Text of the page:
Changing the Learning Landscape: OER and open data in research methods teaching and learning


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A presentation given at an HEA organised workshop under the Changing the Learning Landscape initiative (February, 2013). The focus of the presentation was on developing open academic practice in teaching research methods.

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Changing the Learning Landscape: OER and open data in research methods teaching and learning

  1. 1. Changing the learning landscape Reusing open educational resources (OER) and open data in social science research methods teaching and learning
  2. 2. Changing the learning landscape Reusing open educational resources (OER) and open data in social science research methods teaching and learning Dr Ester Ehiyazaryan-White, University Centre Doncaster
  3. 3. Changing the learning landscape •SCORE teaching fellowship 02/2011-03/2012: •Focus on raising awareness of OER and open practice, working closely with research methods tutors across Social Sciences at University Centre Doncaster (UCD) •UCD teaching fellowship 02/2012 – 09/2012 •Focus on the student experience of learning with OER and open data. Role of the tutor Useful types of OER Different practices in teaching research methods Learner experiences OER and open data Pedagogy of embedding in T&L practice Context
  4. 4. Changing the learning landscape •Raising awareness in UCD staff of the value of OER; active involvement in the evaluation and embedding of OER in academic practice •Exploring the potential of OER and open data to research methods teaching and learning. •Working towards the embedding of OER in teaching practice across several disciplines, with a focus on research methods skills and knowledge. •Knowledge management, sustained engagement with open practice in the institution Aims engagement pedagogy embedding sustainability
  5. 5. Changing the learning landscape Teacher Education Applied Social Sciences Criminal Justice •Questions focused on the pedagogical effectiveness/ responsiveness of the OER (LOAM tool, Windle et al, 2010) •Questions focused on pedagogical, technical and quality issues (ORIOLE project) •Collection of existing OER set up through Cloudworks •OER on Coudworks selected to provide a range of pedagogical and technical attributes allowing tutors to explore OER with different granularity, context specificity, adaptability, interactivity. OER evaluation by tutors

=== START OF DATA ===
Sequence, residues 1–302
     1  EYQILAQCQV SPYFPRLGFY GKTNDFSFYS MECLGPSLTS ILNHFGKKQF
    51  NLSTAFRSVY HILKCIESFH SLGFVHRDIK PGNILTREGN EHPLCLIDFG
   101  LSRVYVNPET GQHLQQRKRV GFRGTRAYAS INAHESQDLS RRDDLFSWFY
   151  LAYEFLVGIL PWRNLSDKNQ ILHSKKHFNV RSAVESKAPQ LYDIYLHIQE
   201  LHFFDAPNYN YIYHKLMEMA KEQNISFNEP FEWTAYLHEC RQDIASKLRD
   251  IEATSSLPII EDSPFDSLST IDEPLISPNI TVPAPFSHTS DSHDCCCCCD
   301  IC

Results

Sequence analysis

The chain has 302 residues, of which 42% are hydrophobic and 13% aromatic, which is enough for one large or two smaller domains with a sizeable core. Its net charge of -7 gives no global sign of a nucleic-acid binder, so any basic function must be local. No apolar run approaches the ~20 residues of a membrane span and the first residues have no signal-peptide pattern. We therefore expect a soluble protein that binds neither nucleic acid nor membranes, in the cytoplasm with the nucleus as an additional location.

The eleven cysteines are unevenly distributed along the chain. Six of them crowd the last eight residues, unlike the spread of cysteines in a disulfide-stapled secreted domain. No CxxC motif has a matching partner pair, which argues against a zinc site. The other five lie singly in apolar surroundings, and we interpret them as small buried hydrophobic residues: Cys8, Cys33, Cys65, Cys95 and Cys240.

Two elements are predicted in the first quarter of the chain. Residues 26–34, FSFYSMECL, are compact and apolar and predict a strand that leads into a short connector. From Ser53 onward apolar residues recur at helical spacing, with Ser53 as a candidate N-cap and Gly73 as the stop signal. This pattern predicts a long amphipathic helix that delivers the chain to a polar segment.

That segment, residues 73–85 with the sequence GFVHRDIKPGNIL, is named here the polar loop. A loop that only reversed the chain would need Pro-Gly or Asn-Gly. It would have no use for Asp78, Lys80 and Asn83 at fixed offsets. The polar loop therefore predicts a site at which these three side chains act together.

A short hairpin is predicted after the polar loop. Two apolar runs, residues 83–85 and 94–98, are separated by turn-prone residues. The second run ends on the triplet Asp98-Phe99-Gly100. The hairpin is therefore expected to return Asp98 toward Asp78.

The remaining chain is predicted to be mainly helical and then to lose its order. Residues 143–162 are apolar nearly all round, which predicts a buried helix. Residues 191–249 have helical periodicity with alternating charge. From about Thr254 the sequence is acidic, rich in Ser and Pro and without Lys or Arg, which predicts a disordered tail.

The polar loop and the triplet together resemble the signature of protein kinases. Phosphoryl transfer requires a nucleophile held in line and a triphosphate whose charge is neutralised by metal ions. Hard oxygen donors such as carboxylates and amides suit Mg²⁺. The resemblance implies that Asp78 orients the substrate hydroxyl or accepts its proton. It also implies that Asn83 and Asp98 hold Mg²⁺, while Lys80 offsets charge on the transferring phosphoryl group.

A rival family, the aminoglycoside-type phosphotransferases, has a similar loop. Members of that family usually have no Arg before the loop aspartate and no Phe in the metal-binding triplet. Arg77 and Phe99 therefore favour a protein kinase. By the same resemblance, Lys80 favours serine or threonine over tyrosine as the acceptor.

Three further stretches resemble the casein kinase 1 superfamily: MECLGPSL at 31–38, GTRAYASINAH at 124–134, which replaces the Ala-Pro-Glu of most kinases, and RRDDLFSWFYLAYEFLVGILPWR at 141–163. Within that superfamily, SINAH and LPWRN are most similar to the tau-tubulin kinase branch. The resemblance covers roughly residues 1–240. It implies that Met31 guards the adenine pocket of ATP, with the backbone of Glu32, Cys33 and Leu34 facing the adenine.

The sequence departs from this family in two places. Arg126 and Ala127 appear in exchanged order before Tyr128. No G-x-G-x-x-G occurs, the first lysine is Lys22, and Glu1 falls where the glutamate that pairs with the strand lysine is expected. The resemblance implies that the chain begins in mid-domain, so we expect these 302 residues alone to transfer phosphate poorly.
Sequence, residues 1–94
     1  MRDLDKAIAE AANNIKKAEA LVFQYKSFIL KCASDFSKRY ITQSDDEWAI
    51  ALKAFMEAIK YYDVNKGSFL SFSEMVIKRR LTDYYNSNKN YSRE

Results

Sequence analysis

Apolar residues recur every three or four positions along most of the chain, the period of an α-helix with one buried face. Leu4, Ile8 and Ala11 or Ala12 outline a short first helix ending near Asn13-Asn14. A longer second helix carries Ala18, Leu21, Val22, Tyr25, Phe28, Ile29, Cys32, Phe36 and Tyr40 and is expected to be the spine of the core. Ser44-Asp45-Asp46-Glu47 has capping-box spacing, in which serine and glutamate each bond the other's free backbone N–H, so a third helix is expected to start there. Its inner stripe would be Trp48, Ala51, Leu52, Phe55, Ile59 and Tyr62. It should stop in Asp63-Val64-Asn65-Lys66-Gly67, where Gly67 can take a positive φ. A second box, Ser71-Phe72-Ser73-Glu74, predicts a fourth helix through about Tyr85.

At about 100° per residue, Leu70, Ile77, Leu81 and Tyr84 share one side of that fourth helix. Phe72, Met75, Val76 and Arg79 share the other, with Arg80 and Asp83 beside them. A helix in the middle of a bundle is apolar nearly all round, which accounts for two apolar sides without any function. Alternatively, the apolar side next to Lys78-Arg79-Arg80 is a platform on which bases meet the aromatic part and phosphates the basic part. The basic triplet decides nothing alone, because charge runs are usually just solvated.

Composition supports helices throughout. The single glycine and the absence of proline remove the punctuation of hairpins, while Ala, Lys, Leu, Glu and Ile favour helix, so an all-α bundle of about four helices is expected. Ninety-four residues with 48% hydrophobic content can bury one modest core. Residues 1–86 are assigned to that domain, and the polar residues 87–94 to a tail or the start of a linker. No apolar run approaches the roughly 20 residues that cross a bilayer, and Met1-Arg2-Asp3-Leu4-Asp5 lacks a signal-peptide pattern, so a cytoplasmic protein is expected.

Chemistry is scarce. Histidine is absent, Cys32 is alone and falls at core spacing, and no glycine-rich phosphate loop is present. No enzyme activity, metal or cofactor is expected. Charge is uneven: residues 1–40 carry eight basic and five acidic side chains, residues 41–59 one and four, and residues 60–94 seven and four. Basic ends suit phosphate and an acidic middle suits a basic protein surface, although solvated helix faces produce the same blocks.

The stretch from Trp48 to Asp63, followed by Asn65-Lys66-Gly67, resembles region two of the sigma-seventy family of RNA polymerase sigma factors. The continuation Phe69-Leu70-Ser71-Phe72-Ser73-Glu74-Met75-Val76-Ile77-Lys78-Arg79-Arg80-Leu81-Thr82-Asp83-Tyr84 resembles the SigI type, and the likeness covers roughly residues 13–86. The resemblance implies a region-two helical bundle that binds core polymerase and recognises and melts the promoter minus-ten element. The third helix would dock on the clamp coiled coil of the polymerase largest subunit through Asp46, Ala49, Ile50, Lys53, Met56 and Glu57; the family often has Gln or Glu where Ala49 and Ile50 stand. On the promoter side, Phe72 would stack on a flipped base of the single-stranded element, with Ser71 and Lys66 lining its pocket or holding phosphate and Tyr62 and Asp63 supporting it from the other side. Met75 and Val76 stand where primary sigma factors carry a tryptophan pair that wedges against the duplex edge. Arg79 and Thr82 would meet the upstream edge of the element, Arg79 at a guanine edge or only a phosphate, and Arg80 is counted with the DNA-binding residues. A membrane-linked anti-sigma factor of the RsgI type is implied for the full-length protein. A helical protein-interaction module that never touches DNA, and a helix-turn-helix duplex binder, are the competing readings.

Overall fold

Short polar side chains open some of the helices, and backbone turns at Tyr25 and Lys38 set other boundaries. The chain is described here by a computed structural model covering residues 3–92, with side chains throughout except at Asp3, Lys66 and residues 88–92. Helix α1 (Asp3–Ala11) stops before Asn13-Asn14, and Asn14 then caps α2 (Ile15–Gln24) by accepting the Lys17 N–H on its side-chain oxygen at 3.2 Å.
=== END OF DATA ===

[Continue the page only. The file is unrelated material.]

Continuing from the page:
6. 6. Changing the learning landscapeThe tutor’s role •OER provide access to material which tutors would find it difficult to generate themselves •E-moderating/ communities of learning - Human contact is a necessary element in the knowledge construction process (Njenga and Fourie, 2010) •Maintaining the boundaries between providing access to information and constructing knowledge Tutors’ stance: OER provide access to information. The tutor’s role is to facilitate the underlying knowledge construction. Read tutors’ comments
  7. 7. Changing the learning landscapeConcerns regarding reuse Engaging in reuse which offers potential for rethinking and innovating curricula Prioritising OER which are quick and easy to reuse (time saving)
  8. 8. Changing the learning landscape Embedding OER in research methods teaching
  9. 9. Changing the learning landscapeChallenges Challenges for the learner Key difficulty in research methods learning – the knowledge and concepts are not immediately related to professional or subject contexts which students have chosen to study. Research methods constitute troublesome knowledge: ‘when what is to be assessed lies outside their prior knowledge and experience’ (Land and Meyer, 2010, p. 62) • Contextualising abstract concepts - OER flexible enough to allow for context specific adaptation • Discursive resources and stimuli which create opportunities for the learner to think like a researcher. • ‘Real world’ ESDS data The role of OER and open data
  10. 10. Changing the learning landscapeEmbedding OER in T&L Online QDA, University of Huddersfield Web link: .uk/ Jorum persistent link: k/xmlui/handle/123456789/ 5644
  11. 11. Changing the learning landscape •Key challenge – learners need to acquire theoretical knowledge as well as procedural skills – the OER was seen as supporting self directed study •Advantages - interactivity and learner control – being able to pause, rewind, take notes at their own pace. Supportive of self directed learning. Embedding OER in T&L Read learners’ comments…